Prayer Books or Mental Prayer? A Challenge From Cardinal Arinze 


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Cardinal Arinze

I’m a BIG FAN of  Catholic prayer books.  Huge fan.  Love them. Especially because growing up in a protestant bible church I didn’t have any prayer books. Now that I’m Catholic I simply love reading the prayers of the saints.  They blow me away.  The only way that I can describe it is that reading the prayers of the saints teaches me how to pray well, to elevate my prayer to a higher (or deeper) level of contemplation. The beauty and sublimity contained in these prayers cannot help but to stir a greater desire for God and a deeper life of prayer with Him.

Take for example this amazing prayer said before receiving Holy Communion by  Saint Thomas Aquinas.  It is awesome!  And look how much it teaches us about the kind of reverence we should have when we receive Jesus in the Blessed Sacrament:

“Almighty and ever-living God, I approach the sacrament of your only-begotten Son, our Lord Jesus Christ. I come sick to the doctor of life, unclean to the fountain of mercy, blind to the radiance of eternal light, and poor and needy to the Lord of heaven and earth. Lord, in your great generosity, heal my sickness, wash away my defilement, enlighten my blindness, enrich my poverty, and clothe my nakedness.

May I receive the bread of angels, the King of kings and Lord of lords, with
humble reverence, with the purity and faith, the repentance and love, and the determined purpose that will help to bring me to salvation.  May I receive the sacrament of the Lord’s Body and Blood, and its reality and power.

Kind God, may I receive the Body of your only-begotten Son, our Lord Jesus
Christ, born from the womb of the Virgin Mary, and so be received into His
mystical Body and numbered among his members. Loving Father, as on my
earthly pilgrimage I now receive your beloved Son, under the veil of a
sacrament, may I one day see Him Face to face in glory, who lives and reigns
with You for ever. Amen.”

Now, I can’t pray like this.  At least not yet (I have to be optimistic, right?). This prayer and the prayers of the many saints we have recorded in our Catholic prayer books are simply profound. They are the product of much desire and love for God, and likely sufferings and sorrows as well, that I simply haven’t arrived at yet. But as inspiring as these prayers are, I have to avoid the inclination (given my weaknesses) to rely on these prayer books too much, or having them replace my own heartfelt prayer to God.

There is a great video clip from Cardinal Arinze that hits this point.  He admonishes us not to use Catholic prayer books as a substitute for our own personal prayer to God.  He admonishes us in this video,

“But all these prayers [in Catholic prayer books], beautiful, necessary, helpful—but they do not take the place of my personal prayer to Jesus.  They DO NOT.  My personal prayer to Jesus will be just like me, personal.  Yours, just like You.  There is no other you . . . Your prayer will be just like you. Only you can pray that prayer with the Holy Spirit guiding you.”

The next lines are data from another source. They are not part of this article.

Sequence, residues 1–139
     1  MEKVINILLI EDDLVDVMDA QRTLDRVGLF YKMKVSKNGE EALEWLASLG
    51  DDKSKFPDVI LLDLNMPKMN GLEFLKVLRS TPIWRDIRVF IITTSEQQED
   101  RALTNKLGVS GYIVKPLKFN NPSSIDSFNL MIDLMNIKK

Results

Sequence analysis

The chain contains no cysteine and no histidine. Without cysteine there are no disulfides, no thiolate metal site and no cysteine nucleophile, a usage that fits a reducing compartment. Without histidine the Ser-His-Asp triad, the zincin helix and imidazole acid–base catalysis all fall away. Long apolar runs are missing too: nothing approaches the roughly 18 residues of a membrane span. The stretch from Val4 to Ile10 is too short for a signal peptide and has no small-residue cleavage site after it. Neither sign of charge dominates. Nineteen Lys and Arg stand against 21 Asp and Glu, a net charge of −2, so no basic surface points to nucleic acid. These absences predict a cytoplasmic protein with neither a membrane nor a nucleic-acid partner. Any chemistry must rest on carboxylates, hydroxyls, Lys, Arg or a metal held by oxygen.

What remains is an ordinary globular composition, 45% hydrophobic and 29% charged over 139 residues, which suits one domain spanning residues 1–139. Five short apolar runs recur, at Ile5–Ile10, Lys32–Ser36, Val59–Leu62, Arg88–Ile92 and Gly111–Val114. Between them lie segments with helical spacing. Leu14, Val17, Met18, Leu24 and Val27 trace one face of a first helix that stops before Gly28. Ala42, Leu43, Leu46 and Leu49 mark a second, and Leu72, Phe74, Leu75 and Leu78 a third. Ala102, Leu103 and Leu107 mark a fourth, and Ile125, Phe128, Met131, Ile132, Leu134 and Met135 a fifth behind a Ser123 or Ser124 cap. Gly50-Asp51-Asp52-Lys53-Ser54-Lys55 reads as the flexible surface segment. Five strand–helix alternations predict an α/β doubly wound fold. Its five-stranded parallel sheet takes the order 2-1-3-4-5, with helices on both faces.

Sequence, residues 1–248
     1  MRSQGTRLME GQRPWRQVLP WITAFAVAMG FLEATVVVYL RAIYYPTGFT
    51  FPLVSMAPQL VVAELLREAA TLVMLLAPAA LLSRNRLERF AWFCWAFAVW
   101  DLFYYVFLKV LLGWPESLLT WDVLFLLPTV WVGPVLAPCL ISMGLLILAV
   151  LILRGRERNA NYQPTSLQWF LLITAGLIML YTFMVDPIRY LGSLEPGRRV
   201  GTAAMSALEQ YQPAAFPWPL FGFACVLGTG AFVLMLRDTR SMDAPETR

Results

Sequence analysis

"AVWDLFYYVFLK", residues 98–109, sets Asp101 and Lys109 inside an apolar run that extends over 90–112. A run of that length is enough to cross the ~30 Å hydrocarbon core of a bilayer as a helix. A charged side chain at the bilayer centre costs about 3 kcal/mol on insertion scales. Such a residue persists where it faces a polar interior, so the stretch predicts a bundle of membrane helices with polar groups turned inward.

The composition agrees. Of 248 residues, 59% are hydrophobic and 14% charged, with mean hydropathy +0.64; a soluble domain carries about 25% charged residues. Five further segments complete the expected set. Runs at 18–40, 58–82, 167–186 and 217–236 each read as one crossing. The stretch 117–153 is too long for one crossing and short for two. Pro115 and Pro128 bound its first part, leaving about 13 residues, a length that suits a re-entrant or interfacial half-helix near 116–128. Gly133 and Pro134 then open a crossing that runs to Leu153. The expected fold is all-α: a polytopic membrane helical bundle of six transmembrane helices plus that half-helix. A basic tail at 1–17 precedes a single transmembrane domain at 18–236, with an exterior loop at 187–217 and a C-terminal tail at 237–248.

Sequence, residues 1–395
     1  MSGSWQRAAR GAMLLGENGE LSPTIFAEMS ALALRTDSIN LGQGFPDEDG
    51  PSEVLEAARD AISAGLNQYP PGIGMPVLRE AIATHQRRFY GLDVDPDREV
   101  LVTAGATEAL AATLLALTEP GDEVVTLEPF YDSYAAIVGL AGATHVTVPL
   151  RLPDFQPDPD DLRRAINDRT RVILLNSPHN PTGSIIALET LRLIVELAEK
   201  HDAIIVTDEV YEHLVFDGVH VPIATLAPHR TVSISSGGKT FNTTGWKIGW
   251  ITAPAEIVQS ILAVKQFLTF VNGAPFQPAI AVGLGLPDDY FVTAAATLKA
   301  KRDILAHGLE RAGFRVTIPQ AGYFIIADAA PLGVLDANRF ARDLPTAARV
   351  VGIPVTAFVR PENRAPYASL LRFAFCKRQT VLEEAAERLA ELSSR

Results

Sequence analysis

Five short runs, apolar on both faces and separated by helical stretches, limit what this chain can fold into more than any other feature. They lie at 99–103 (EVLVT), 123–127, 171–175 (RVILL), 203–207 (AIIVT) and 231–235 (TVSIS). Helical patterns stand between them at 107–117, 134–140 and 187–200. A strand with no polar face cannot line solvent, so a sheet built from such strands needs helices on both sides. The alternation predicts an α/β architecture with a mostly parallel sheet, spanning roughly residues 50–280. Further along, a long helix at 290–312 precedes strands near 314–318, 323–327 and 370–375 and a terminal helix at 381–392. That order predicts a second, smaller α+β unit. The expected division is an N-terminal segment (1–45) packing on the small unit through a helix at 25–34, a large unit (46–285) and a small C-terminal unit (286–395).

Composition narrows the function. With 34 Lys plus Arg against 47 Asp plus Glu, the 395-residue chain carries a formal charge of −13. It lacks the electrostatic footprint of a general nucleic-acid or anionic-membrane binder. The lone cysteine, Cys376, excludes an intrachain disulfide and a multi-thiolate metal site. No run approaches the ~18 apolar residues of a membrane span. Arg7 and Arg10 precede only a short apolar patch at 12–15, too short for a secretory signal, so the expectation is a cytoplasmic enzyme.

Video Link

Cardinal Arinze calls it a “pity” if Catholics need a prayer book each time they speak to Jesus. Of course he isn’t discounting the importance and usefulness of prayer books.  What he is doing is emphasizing how important the personal aspect of prayer is. Our prayers to God are person to person communication, and we can’t forget that God wants to hear from our hearts too. We shouldn’t only recite prayers written by somebody else. We have to remember that each of our hearts are unique creations, and God wants to hear from them, in our OWN words!

“The Lord looks down from heaven; he sees all the children of man; from where he sits enthroned he looks out on all the inhabitants of the earth, he who fashions the hearts of them all and observes all their deeds.”  Psalm 33:15

Copyright 2012 Gretchen Filz

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4 Comments

  1. I’m an atheist, but I grew up in a Methodist church. I agree that others’ prayers should not be substituted for your own.
    I do think, though, that a prayer book gives a profound insight into the thinkings of others, ones which have shaped faith in the past.

  2. I also love reading prayer books because they do help me see prayer from another’s perspective. But, I have a hard time feeling like they are my own prayers. I feel I just learn from them as there are times when we experience spiritual dryness and they help to fill my heart. But, I also recognize the dryness at times when God wants me to listen more than I speak.

    • Yes, I am just learning about the dryness is a key part of growth in prayer. EWTN podcasts just offered a free Fr. Dubay series (it may still be there, it wasn’t too long ago) on contemplative prayer and he made that point, which was somewhat new to me.

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